McAvoy ends by saying that we used to be the greatest nation but that is because we used to be informed. He also calls this generation the worst generation ever. I believe that there is still hope for this generation to become informed. But I believe that the problem goes beyond just one generation's state of awareness. We allowed our liberty to erode away and we will continue on a dangerous path if we do not act soon. Our loss of liberty has caused us to loose our stance as the world's leader.

For decades, America was regarded as the world's wealthiest nation and seen as an example. Americans lead the world due to hard work and a powerful sense of entrepreneurship. We still have examples of leadership in business. We've had people like Reed College dropout Steve Jobs, creator of the Apple franchise. We have people like Sara Blakely, the youngest self-made female billionaire who created Spanx with an initial investment of $5,000.Warren Buffet started out with $9,800 and today he is worth $40 billion. And if you feel that entrepreneurialism isn't for you, you can try becoming an intrapreneur.

Americans still work hard and want to succeed but some people feel that the only way to become successful is if you get lucky. The keys to success are still hard work, motivation, and a strong drive but it is harder today to start a business or hire employees than it used to be due to government's extent of involvement in the economy. Last summer, three Georgia teenage girls opened up a lemonade stand to make enough money to visit a water park. The police decided to shut down the girls' lemonade stand because they had not paid for a permit that would have cost them $50 dollars a day. The police said that the girls could not sell lemonade because they did not know what the girls had put in it. These girls came up with a business solution to their problem but a silly government regulation stopped them. They are not alone. In Las Vegas, Lissette Waugh and Wendy Robin decided to open up their own make-up artistry schools. They were told that if they did not have a cosmetology license, they would have to pay a $2,000 fine and shut down their schools. They were told that if they were granted the license they would have to teach a cosmetology curriculum chosen by the city government, a curriculum that has nothing to do with make-up or with the students' interests. The entrepreneurs decided to sue the city. Institute for Justice attorneys are currently overseeing Waugh v. Nevada State Board of Cosmetology.  Rather than protecting the right to earn an honest living, government is impeding it. We have allowed petty government regulation of the free market to stifle business growth and development. How can we expect to lead the world economy if it is harder each day to start a business or hire employees in America? This video shows the effect that economic freedom has on our economy and why America is loosing its footing on the list of attractive economies.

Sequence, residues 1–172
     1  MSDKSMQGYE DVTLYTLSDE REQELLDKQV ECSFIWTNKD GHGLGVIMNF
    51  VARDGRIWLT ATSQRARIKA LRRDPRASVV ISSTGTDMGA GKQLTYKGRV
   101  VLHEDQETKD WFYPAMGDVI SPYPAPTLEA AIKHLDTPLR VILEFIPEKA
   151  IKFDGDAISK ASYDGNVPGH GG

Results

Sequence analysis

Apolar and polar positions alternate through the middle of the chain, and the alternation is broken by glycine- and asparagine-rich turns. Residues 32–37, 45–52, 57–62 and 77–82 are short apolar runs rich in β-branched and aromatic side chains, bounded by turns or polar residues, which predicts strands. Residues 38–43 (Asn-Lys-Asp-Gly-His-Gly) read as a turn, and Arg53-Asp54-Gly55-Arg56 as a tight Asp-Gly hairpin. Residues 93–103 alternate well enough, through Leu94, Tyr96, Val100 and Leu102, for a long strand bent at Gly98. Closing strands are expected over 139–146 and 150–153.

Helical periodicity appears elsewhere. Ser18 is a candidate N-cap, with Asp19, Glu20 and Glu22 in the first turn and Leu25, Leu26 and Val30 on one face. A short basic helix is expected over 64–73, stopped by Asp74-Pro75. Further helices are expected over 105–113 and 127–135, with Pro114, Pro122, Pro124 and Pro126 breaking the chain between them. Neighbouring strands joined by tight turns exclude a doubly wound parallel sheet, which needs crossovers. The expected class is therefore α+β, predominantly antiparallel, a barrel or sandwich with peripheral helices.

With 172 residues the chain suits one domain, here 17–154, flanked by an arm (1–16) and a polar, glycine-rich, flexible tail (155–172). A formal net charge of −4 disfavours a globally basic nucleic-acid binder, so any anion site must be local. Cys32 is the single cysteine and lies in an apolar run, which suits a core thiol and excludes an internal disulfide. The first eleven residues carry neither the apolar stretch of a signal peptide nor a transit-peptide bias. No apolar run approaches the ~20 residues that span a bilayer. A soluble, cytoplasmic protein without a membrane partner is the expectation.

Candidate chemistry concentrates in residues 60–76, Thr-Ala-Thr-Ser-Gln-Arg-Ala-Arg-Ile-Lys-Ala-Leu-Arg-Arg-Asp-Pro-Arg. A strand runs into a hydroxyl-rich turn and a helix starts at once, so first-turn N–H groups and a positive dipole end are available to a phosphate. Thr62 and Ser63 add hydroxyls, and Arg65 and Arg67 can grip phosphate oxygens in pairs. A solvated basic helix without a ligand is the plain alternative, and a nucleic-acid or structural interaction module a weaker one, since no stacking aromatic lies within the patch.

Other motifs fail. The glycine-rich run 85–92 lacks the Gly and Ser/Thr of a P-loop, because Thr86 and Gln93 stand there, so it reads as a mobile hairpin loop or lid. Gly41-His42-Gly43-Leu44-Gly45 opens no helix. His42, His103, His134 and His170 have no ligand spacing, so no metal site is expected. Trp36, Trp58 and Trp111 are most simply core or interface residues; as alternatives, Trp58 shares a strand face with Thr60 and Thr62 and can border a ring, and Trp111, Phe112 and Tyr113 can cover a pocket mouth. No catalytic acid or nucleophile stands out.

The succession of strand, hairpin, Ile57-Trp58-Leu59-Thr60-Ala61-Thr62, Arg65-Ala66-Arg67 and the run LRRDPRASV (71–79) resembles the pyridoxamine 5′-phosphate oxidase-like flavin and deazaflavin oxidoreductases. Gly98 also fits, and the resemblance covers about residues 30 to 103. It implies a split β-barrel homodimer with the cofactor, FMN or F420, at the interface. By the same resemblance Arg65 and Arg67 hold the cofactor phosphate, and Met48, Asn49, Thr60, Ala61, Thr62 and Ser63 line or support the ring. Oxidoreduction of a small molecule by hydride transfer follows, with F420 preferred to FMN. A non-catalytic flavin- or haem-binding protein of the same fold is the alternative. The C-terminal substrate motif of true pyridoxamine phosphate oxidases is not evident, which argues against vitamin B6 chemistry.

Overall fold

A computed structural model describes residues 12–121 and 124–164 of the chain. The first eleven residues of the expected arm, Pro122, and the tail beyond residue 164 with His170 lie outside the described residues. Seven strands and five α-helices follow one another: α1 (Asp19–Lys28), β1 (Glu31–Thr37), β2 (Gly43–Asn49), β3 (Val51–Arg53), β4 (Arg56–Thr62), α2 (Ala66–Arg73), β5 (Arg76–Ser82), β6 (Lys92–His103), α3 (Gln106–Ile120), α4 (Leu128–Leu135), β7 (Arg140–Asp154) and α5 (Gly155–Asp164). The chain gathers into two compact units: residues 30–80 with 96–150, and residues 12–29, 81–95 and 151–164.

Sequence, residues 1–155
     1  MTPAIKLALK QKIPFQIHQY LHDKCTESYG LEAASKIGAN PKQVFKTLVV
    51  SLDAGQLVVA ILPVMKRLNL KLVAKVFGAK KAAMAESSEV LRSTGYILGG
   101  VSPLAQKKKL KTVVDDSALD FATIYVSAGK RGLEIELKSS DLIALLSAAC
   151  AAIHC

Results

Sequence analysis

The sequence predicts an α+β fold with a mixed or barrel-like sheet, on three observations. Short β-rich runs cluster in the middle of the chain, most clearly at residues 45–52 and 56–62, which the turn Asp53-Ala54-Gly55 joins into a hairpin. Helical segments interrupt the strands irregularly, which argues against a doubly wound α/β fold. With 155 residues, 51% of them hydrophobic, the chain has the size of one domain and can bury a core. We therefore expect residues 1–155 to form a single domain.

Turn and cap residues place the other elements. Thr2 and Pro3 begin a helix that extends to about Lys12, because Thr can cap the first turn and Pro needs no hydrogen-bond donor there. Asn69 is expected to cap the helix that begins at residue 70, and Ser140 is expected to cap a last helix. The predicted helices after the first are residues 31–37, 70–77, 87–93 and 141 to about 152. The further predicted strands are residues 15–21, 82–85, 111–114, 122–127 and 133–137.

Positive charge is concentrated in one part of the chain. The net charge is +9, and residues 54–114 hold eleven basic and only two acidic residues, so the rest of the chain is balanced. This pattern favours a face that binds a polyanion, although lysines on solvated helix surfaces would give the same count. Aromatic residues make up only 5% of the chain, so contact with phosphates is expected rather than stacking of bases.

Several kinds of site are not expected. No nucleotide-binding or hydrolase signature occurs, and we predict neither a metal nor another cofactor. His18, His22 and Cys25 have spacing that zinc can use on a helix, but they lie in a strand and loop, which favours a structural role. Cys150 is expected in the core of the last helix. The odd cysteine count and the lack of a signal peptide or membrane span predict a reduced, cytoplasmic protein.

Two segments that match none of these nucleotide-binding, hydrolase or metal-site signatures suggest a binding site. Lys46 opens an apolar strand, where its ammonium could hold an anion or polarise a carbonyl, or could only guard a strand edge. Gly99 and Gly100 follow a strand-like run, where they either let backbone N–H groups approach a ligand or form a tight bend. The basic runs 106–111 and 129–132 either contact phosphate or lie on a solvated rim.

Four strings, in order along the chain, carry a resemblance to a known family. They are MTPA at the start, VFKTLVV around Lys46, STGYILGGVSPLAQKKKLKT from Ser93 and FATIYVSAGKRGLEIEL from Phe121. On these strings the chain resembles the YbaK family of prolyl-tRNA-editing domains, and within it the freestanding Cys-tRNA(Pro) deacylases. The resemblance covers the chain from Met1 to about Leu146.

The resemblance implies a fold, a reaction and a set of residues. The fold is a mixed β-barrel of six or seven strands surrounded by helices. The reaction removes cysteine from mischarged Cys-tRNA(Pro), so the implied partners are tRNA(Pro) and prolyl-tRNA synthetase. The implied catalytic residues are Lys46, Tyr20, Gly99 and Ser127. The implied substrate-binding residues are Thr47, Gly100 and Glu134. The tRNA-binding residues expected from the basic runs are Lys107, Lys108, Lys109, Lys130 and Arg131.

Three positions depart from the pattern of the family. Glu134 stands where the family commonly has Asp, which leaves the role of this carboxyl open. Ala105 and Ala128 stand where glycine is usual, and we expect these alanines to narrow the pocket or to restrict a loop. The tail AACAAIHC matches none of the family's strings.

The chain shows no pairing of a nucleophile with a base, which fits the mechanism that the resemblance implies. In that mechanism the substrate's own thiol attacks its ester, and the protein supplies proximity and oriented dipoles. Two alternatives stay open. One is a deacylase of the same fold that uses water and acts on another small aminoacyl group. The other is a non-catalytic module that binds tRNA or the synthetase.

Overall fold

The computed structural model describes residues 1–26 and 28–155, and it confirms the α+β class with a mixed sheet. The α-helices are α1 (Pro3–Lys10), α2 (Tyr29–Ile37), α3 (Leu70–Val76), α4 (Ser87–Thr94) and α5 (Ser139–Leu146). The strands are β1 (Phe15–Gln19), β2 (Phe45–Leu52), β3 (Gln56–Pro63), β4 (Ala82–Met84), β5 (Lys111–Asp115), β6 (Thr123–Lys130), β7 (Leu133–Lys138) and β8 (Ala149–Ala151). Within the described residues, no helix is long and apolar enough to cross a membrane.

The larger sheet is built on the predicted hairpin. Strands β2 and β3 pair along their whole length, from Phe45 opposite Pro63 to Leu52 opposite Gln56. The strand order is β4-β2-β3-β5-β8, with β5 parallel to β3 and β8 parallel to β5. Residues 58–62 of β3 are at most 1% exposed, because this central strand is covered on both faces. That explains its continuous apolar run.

America has also lost social freedom. As McAvoy pointed out, we have the highest incarceration rate in the world. Even oppressive regimes like Iran, Saudi Arabia, China and the former Soviet Union have never imprisoned as many citizens as America does. For a closer look at this issue, visit this New York Times article. We also have to keep in mind that the Federal Government is doing everything in its power to restrict civil liberty today. It began with the PATRIOT Act but we've had Congress attempt to pass legislation like SOPA, PIPA, and ACTA, which threaten civil and economic liberties alike. The President now has the power to order the assassination of any citizen that he deems too dangerous. Under the NDAA, the President can have anyone detained indefinitely without trial and if you are suspected of associating with members of any group that is considered a threat, you can be arrested by the military and held "until the end of hostilities." The President signed this into law but a Federal judge ruled the provision unconstitutional. This is not the last battle that Americans will have to fight to protect their civil liberties. Congress is currently considering a bill, H.R. 3166, or the Enemy Expatriation Act, that uses similar wording found in the NDAA but goes further. If this bill is approved, it would give the Federal government the authority to strip citizenship away from Americans deemed dangerous. You would lose any protection of your civil rights granted by your citizenship. If we continue to lose our civil liberty, we will have no means left for defending our economic liberty. It is vital to the survival of liberty that we inform ourselves and take it upon ourselves to spread the word regarding these issues. Will McAvoy was right when he said that America was once number one because of an informed generation.